“The currently available information suggests that the demonstrations in Benghazi were spontaneously inspired by the protests at the U.S. Embassy in Cairo and evolved into a direct assault against the U.S. Consulate and subsequently its annex. There are indications that extremists participated in the violent demonstrations. This assessment may change as additional information is collected and analyzed and as currently available information continues to be evaluated.”
Clearly, Rice’s statements on ABC and other stations that weekend accurately reflected the best intelligence available to her and others at the time. Trying to declare her unfit to be secretary of State on that basis is nonsense.
And McCain has every reason to know that it is nonsense, which brings us to …
2.) In 2005, at the start of his second term, President Bush nominated Condoleezza Rice to replace Colin Powell as secretary of State. And Rice, as you may recall, had her own rather extensive history of statements on Sunday talk shows that later turned out to be incorrect, with consequences that were far more profound and costly to this nation than the tragedy at Benghazi. More than 4,000 American men and women were to die in a war founded on those statements.
“We do know that he is actively pursuing a nuclear weapon. We do know that there have been shipments going into Iran, for instance — into Iraq, for instance, of aluminum tubes that really are only suited to — high-quality aluminum tools that are only really suited for nuclear weapons programs, centrifuge programs. …we don’t want the smoking gun to be a mushroom cloud.”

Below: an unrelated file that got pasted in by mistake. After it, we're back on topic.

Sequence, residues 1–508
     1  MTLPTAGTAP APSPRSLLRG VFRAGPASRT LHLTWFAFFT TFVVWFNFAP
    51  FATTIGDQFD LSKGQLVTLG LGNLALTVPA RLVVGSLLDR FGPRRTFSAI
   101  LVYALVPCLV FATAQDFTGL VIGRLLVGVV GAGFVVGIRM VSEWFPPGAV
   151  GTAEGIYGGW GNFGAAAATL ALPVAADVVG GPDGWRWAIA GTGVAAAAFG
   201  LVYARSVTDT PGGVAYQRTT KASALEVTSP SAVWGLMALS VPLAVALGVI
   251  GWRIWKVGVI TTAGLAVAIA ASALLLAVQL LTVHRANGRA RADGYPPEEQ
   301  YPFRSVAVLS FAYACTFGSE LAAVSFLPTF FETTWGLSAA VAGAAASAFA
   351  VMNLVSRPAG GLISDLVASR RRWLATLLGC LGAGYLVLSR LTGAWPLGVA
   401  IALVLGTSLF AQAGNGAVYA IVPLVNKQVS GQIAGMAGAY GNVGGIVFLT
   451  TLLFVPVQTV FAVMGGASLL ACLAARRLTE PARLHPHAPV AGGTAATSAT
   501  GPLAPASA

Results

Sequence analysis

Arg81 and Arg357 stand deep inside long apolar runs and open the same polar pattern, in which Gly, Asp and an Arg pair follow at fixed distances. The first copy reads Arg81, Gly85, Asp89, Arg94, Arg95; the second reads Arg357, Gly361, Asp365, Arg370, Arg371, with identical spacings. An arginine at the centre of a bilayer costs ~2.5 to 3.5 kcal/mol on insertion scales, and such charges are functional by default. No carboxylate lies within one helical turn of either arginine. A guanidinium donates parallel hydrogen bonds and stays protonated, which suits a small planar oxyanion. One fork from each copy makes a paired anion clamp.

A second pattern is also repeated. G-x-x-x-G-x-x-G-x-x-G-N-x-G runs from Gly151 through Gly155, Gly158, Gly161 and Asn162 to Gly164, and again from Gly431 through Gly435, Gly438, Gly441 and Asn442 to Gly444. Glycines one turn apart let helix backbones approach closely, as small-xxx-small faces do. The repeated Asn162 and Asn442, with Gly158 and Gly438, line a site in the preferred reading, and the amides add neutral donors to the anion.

By 2005, the whole world knew that statement by Rice, along with others by President Bush, Vice President Cheney and others had been false. Saddam had no nuclear program; the aluminum tubes had nothing to do with weapons of mass destruction. Their explanation for those false statements was that they had merely relied on the best intelligence available from the CIA, and can’t be held accountable if those assessments were wrong. (There is considerable evidence that Rice, Bush, Cheney and others in fact cherry-picked the evidence to suit the case they wanted to build, but we’ll set that aside for the moment.)
Despite these false statements by Rice — again, statements with grave national consequences — Senate Democrats in 2005 did not launch a filibuster in an attempt to halt her confirmation. The vote to approve her was 85-13. Among those voting to confirm her were McCain and Graham.
Also voting to confirm Rice were Sen. Joe Biden. And Sen. Hillary Clinton. And yes, Sen. Barack Obama as well.
The parallels between the two cases are uncanny, right down to the gender, race and surname of the main character. But the differences in how the two cases are being handled is more startling still, and all too revealing of just how unhinged and hypocritical many of today’s Republicans have become.
If President Obama believes that Ambassador Rice is the best person to serve this country as secretary of State, he should not hesitate to nominate her. If McCain and others wish to make the case to the American people why Rice is unqualified, they should likewise not hesitate to do so.
But by doing so, they will be drawing more attention to their inadequacies than to those they imagine in Rice.
– Jay Bookman